"The summer of 839 is unrestful. Vikings from Smaland and northern Skane has attacked southern Ostergotland and are at the moment plundering somewhere in southern Kinda. The signal fires have been set alight and have been seen across the lakes.

The chieftain of Rimforsa, Grimbjorn, has taken all the men he can spare, and gone to join the men of Kinda in en effort the drive the enemy out. Across the land there are hundreds of landmark posts where signal fires have been prepared. All of them have to be manned 24 hours a day and guarded by a smaller force.

The women, the elder and the children are gathering for safety at the strong points that the hill forts can proved. In the early Viking age 99% of the Swedish population was farmers. The women had a strong position in the society and the wife ruled absolutely inside the house, where the men had to behave. Brawls would have to be taken outside.

Life for the most part where centered around the farm, the field work, the animals and the wood. The Vikings were good craftsmen and often skilled in woodwork, blacksmiths and so forth. Communication took place by boat. The rivers and lake systems of Kinda were therefore the most important routes of communication. If the enemy would appear, he would come by boat.

In the early Viking age the population was grooving and many farms had young men at home with not much to do. They where often easily recruited for adventurous raids and small warfare by chieftains who needed them to burn and plunder. As long as the political system was week plunder could be got from the neighbour, in time with better organization at home the raiders would attack all over Europe.

Now the Vikings of Kinda were themselves the victims of Viking attack.

There is a lot to think about. Will the men succeed or will they fail ?

While staying there a lot of work needs to be done, most important, do scan the lake after enemy boats. In order to be able to light the signal fire in time.

Everybody man and women has to be able to defend themselves, so the first group had to be trained in weapons, bow and arrow, spear and shield.

The second group had to make vessels from clay and the third group had to prepared the meal because everybody was hungry.

What kind of outcomes do I expect from the students after this activity ?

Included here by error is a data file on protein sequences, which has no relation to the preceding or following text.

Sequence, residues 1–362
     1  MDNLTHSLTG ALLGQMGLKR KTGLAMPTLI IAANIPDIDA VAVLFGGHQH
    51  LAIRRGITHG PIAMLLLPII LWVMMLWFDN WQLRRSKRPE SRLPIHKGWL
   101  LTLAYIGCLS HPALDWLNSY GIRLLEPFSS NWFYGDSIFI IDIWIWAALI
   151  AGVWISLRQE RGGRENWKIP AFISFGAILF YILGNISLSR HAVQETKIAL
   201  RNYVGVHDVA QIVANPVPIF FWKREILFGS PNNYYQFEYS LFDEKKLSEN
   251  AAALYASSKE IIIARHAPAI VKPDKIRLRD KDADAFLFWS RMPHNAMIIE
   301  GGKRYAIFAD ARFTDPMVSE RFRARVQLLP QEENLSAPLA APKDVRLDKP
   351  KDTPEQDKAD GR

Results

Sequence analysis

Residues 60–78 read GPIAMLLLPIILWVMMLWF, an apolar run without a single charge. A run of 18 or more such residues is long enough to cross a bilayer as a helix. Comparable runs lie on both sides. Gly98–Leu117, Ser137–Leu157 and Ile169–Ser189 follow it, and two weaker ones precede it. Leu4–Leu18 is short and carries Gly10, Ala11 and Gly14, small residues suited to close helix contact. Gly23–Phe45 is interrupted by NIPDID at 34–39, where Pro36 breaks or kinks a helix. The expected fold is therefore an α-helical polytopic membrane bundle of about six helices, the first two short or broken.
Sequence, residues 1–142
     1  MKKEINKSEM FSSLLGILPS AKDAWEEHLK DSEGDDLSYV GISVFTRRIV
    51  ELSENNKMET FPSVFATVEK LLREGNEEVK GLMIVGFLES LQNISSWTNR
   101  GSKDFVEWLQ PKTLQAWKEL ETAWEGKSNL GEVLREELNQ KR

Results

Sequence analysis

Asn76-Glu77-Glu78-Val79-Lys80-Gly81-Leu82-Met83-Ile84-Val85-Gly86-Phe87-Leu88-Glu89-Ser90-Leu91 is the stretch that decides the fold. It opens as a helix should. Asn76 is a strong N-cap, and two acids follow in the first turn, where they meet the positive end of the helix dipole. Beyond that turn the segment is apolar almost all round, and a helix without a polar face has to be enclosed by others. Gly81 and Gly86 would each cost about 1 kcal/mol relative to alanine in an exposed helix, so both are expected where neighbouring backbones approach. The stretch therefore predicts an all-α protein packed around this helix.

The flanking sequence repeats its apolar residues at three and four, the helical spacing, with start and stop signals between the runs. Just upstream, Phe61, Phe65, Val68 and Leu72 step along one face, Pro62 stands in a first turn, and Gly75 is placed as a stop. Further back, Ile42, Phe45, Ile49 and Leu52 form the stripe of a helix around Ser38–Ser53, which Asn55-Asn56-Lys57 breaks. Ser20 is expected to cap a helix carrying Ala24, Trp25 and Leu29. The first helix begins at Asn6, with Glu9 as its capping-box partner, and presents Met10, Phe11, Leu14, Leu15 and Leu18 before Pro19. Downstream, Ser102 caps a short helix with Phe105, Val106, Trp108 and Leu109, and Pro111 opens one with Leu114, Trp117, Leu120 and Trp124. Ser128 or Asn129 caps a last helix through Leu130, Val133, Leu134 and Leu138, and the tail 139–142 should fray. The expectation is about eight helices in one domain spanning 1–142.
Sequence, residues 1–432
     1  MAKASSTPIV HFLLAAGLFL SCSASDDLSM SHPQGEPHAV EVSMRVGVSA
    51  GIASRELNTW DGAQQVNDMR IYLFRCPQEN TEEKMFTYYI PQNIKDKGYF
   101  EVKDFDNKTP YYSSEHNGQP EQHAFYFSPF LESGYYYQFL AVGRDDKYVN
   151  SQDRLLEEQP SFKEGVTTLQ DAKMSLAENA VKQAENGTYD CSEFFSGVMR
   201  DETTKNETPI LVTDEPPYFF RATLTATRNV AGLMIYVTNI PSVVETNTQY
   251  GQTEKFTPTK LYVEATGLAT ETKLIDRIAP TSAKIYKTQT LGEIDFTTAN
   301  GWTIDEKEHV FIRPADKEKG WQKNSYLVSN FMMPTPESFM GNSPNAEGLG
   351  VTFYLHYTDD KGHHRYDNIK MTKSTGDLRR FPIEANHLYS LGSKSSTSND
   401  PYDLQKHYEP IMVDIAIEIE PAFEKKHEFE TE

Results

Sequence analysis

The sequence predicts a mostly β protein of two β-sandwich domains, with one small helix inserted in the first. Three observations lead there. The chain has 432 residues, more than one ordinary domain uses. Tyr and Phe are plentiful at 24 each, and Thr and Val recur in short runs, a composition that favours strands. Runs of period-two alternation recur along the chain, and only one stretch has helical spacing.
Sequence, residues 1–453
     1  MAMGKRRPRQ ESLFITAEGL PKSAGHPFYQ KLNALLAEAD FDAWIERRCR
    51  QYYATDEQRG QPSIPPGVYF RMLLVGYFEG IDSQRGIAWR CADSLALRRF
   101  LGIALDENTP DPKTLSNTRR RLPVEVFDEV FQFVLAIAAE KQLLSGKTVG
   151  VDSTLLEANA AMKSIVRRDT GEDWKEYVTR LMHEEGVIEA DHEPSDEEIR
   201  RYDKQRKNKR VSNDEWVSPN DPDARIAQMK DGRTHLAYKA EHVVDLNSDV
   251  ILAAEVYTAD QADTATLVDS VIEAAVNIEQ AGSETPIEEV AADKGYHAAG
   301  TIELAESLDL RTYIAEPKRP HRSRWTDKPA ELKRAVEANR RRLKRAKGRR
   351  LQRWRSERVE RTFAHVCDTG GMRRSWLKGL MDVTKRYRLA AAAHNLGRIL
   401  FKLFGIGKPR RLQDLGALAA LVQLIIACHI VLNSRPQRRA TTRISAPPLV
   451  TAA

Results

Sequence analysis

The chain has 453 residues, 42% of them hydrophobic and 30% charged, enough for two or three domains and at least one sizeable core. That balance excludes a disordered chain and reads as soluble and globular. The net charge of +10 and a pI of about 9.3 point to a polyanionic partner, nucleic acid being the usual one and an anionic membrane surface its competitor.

Heart :

  • * Care and concern for the environment and other living things;
  • * Confidence: sense of well-being and feeling safe outdoors;
  • * Creativity-development of ideas inspired by the outdoor environment;
  • * Curiosity and wonder about the outdoor world
  • * Physical and spiritual enjoyment of being in the outdoor environment;
  • * Sense of personal responsibility towards local environment
  • * Willingness to co-operate with others.

Hand :

  • * Skills for life, developed in outdoor setting;
  • * Safety and survival skills;
  • * Technical: using a variety of tools ( for battle, for cooking, for making dishes etc) and equipment.


  • Increasing knowledge about:
  • * history ( the way of living in 839, in Sweden );
  • * geography ( knowing plants and animals, knowing how they have influenced and been influenced by their environment, about earth's resources, about environment issues, leading to effective action to protect the environment)



There are a lot of meanings o the "online collaboration" and there are a number of ways that people can “collaborate” to work and learn together. You could see here some example of collaboration.

I will pay attention on collaborative authoring . According them:

Collaborative authoring

Scenario: A number of individuals want to work on a common document and have an equal ability to add, edit, or delete items in it. They also want to be able to keep track of everyone’s individual contributions.